Britain women stun Switzerland to win curling goldPosted: Thursday February 21, 2002 7:11 PM
Updated: Thursday February 21, 2002 7:19 PM
OGDEN, Utah (AP) -- Britain beat Switzerland 4-3 to win the women's curling Olympic gold medal in a dramatic finish that was decided in the 10th end Thursday.
Canada, which was the defending champion, won the bronze medal by beating the United States 9-5.
The final came down to the last throw for both teams. Swiss skip Luzia Ebnoether bumped a British stone and placed both teams' rocks on the button. So it came down to the final throw by British captain Rhona Martin.
Her stone slowed as it approached the house, bringing fans to their feet in cheers. It slid slowly up to the Swiss stone and nudged it just enough to leave Martin's throw on the mark.
British sweepers Debbie Knox, Fiona McDonald and Janice Rankin dropped their brooms on the ice and threw their arms up in celebration as fans waved Scottish flags in the stands.
It was another dramatic finish for Britain, which upset Canada 6-5 in the semifinals when Martin placed a stone on her final shot of the 10th end.
All four members of the British team are from Scotland, birthplace of the sport. When curling made its debut as an Olympic sport at the 1998 Nagano Games, Britain lost the bronze medal game to Sweden.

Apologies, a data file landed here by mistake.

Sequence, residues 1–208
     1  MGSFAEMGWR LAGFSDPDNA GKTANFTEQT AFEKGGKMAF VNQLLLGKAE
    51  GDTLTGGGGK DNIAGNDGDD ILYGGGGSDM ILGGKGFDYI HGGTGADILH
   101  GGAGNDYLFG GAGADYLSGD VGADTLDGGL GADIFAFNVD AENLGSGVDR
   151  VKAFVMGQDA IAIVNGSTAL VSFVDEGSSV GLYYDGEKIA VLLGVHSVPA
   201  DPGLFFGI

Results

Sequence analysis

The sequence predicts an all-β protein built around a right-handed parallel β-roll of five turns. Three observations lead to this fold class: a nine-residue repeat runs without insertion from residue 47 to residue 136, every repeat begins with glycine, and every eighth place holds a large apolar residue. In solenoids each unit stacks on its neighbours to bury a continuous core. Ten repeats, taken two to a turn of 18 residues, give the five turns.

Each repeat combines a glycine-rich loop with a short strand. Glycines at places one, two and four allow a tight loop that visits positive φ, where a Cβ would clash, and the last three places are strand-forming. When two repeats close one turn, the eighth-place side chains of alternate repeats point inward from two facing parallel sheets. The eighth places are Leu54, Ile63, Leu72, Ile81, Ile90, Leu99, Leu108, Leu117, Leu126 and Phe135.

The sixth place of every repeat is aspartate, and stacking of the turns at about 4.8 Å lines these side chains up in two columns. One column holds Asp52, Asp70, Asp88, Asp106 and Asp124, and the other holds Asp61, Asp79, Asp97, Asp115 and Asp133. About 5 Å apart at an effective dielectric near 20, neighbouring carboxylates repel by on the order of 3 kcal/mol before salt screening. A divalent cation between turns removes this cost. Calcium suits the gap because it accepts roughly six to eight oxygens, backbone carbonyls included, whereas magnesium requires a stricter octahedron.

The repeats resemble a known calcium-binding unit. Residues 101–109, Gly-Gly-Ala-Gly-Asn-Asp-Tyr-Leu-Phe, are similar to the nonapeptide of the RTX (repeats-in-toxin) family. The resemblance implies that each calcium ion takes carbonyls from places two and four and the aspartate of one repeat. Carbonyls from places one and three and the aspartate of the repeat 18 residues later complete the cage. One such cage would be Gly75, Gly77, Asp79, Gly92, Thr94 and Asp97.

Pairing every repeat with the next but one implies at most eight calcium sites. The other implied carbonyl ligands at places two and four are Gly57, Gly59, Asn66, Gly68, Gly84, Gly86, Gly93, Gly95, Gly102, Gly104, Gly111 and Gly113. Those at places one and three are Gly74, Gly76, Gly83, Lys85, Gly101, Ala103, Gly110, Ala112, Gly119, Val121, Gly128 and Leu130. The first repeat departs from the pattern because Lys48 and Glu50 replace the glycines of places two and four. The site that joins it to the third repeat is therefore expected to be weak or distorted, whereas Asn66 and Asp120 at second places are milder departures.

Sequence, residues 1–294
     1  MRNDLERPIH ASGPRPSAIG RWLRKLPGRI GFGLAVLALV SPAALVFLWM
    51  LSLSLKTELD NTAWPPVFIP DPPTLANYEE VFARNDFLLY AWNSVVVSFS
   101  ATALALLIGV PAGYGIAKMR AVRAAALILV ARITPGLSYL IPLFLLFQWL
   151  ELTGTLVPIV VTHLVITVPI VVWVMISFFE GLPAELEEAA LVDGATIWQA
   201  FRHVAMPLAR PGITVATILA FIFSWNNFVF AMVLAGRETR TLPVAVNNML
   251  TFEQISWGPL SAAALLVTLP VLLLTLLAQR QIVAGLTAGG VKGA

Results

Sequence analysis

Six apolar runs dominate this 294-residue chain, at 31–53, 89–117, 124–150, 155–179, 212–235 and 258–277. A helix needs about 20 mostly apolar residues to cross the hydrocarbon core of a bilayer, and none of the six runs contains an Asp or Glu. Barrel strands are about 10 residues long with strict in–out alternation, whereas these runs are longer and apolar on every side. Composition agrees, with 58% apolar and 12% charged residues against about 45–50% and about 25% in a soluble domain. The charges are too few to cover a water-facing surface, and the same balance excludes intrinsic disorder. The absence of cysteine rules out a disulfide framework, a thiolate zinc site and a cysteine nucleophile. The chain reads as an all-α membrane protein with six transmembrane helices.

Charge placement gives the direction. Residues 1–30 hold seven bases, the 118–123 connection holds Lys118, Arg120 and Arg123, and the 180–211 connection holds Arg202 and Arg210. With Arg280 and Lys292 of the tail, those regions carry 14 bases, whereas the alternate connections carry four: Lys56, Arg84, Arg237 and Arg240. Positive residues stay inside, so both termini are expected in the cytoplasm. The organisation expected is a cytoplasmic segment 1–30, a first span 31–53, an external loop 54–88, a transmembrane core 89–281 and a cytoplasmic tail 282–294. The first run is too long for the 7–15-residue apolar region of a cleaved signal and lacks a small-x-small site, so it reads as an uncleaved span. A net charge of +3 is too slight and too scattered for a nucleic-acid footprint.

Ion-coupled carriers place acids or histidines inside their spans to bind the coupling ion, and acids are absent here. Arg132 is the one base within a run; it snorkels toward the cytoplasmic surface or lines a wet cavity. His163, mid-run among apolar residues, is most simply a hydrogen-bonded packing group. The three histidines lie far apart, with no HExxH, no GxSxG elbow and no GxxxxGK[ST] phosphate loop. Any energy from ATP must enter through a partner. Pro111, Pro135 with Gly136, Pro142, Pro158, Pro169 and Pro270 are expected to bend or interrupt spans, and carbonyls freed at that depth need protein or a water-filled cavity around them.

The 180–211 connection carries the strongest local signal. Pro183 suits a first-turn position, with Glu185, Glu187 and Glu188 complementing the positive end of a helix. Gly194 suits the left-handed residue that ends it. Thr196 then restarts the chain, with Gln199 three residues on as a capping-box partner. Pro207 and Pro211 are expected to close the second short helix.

The Americans, led by captain Kari Erickson, were competitive in the bronze medal match and tied it at 2-2 through three ends and pulled within 7-5 in the eighth. As the match wore on, though, Law and her squad answered every U.S. challenge.
The Canadians went ahead 7-3 with two points in the seventh. Erickson bumped a U.S. stone into the middle of the house, putting the Americans in perfect scoring position, but captain Kelley Law knocked it out with her next shot.
On her next shot Erickson took out the Canadian stone, but Law bumped Erickson's stone right after that. So it went, knock for knock, with Team Canada methodically pulling ahead.
Not that the Americans didn't fight, if that term is OK in curling. Erickson had most of the 1,500 fans inside the chilly arena chanting "U-S-A, U-S-A" after she put two stones in the house with her final shot of the eighth.
Those two points pulled the Americans to 7-5. But the Canadians, who went 9-0 in the tournament when they led midway through their matches, had a strategical advantage because they shot last in the last two ends.
After the Canadians scored one point in the ninth end to lead 8-5, the outcome was essentially decided.
The Canadians weren't supposed to play for a bronze. Favored to win the tournament, they lost in the semifinals to Britain - putting the Britons in the final against Switzerland.